Jon Kull ’88, dean of the Guarini School of Graduate and Advanced Studies, has been meeting regularly with the graduate student council and will continue to meet with the members to address their questions. He will also seek graduate student input on issues relevant to the broader graduate student community, said Helble, adding that the respective deans will continue to answer questions for the Tuck School of Business, Thayer School of Engineering, Geisel School of Medicine, and other communities about program-specific issues.
Before registering for classes, students will know how the courses will be taught—entirely online, in person, or in a hybrid format, where they may have a class with students who are on-campus and others who are off campus, Smith said. As fall term approaches, faculty members, some of whom will be teaching remotely for the first time, will have support from many areas—the Dartmouth Center for the Advancement of Learning, the Information, Technology and Consulting division, instructional designers, and from their departments.
With experience from two terms of remote teaching, including a number of lab courses, faculty will determine how to offer their classes this fall. That latitude is based on safety and pedagogy, Smith said.
As dean, her charge includes responsibility for matters related to faculty development, functioning, and well-being, she said. “I take that well-being very seriously.”
Faculty members know best whether they should teach remotely or in person, and which mode best suits their course material, Smith said. When they are comfortable and feel safe, and are not anxious about teaching in front of a classroom, and they can design their courses in the way they feel is best, “you are going to have the best outcome.”
Helble and his guests also addressed these topics:
- Efforts to pack and return students’ belongings were bolstered with the addition of 50 staff members to the project. Graduating seniors’ belongings have been packed, and shipping will be completed by the end of this month. The remaining students’ belongings will be packed and shipped by mid-August. Some students have arranged to pick up their belongings. As of last week, 60 percent of the undergraduate student rooms had been packed.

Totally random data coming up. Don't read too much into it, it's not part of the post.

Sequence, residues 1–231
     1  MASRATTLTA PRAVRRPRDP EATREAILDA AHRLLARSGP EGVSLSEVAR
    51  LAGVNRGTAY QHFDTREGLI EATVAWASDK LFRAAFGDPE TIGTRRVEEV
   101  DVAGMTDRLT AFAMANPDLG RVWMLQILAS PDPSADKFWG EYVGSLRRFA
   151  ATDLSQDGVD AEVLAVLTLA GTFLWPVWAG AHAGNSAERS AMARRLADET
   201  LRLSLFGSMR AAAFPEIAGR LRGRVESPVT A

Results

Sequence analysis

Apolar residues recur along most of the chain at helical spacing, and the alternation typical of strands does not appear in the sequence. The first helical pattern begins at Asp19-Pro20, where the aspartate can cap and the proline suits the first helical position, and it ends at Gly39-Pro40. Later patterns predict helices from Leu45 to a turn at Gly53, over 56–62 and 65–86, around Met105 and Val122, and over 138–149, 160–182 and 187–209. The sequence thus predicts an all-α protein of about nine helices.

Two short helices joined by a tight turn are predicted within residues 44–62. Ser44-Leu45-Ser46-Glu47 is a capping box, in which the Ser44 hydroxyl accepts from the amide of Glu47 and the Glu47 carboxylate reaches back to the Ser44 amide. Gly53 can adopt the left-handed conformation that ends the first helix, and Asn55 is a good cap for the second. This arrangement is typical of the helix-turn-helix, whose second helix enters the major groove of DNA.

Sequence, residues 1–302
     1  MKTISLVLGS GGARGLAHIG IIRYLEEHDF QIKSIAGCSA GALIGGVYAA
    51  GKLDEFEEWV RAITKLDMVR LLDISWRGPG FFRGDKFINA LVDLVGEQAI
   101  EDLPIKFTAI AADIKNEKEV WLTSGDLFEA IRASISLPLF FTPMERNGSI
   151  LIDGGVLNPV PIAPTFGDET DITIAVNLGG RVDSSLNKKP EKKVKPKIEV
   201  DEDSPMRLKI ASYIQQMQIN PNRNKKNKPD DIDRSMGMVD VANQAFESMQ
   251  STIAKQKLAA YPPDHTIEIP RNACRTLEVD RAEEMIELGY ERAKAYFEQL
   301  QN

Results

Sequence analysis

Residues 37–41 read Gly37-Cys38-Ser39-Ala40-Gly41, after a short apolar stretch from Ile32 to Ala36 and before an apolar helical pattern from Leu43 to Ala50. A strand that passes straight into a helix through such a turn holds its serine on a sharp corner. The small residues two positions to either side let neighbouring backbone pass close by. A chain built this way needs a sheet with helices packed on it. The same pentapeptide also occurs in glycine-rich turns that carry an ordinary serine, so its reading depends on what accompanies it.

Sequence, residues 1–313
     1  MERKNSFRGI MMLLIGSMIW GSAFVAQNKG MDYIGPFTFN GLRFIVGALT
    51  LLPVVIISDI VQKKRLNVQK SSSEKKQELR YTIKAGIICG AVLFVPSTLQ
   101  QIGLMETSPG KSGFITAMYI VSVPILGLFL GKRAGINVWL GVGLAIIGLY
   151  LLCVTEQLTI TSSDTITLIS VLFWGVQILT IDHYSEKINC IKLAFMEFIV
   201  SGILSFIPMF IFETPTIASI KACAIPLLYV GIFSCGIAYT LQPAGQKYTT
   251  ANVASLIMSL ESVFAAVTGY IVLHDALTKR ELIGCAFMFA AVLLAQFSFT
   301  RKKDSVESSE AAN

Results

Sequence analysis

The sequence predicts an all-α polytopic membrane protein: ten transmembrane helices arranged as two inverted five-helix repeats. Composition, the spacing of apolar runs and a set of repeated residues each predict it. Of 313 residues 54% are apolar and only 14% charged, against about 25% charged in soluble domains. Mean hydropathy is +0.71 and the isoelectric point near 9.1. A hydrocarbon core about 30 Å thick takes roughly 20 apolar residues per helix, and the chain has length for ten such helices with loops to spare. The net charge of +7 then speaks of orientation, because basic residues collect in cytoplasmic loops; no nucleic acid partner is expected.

- The stacks in Baker-Berry Library and the Sherman Art Library have opened to Dartmouth students, faculty and staff, and Rauner Special Collections Library is open by appointment to faculty, staff, and graduate students.
- On-campus research labs continue to open, with greater access being granted in stages.
- Access to telehealth services, including mental health resources, will likely continue in the fall.
- Students and faculty will likely have limited access to Hood Museum of Art materials, but the performing arts venues are among the most challenging operations to reopen. Gym facilities fall somewhere in between.
- Students living on campus will receive priority for access to on-campus services and facilities. The institution cannot guarantee the same access to students living off campus.
- It is unlikely that off-campus international programs will be offered during the winter term; a decision will be announced before students need to register for fall classes. A decision will also be forthcoming on spring term 2021 off-campus programs.
Community Conversations is an online forum for Dartmouth community members to ask questions and learn from campus leaders about the institution’s priorities, decisions, and operations during the pandemic. The live discussions, produced by Dartmouth’s Media Production Group and the Office of Communications, air on selected Wednesdays at 3:30 p.m. The next webcast is set for July 22. Past episodes are available on the Community Conversations site, which also includes call-in numbers for those who want to listen to the show without video. Find out how to watch or listen to the live webcast.